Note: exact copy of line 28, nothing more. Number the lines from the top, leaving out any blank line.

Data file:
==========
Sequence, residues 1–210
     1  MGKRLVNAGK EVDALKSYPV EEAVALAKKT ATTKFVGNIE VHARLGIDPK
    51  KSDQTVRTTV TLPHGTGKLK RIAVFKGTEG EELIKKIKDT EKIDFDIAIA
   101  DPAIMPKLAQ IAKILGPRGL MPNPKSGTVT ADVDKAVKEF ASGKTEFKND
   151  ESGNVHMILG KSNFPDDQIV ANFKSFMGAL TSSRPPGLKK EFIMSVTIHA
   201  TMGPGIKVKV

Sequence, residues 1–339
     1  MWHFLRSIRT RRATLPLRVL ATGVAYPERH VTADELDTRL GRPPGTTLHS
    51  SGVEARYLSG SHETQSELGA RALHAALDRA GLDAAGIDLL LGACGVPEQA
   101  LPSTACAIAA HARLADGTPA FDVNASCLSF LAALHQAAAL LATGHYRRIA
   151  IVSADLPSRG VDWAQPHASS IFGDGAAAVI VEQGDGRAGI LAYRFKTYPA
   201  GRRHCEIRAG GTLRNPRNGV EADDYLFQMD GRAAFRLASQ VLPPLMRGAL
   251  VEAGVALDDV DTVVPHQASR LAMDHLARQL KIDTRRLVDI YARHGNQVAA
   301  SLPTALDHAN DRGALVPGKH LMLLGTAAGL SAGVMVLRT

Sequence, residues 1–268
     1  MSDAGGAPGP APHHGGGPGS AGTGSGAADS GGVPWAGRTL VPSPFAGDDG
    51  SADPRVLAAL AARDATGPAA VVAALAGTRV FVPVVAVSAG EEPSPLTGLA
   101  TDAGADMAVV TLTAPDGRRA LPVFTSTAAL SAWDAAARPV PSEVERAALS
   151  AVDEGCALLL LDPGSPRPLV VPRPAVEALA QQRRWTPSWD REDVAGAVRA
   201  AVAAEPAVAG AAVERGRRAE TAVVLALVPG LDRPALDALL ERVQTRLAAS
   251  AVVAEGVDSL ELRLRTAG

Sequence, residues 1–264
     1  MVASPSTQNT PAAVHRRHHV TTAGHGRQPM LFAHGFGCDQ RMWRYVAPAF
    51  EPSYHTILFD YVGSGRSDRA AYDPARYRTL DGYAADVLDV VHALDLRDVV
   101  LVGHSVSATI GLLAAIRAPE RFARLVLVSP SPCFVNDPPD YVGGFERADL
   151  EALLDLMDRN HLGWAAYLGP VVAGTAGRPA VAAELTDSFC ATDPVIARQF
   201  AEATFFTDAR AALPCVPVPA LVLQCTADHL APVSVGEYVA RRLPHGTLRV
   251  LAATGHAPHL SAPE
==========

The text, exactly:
   251  LAATGHAPHL SAPE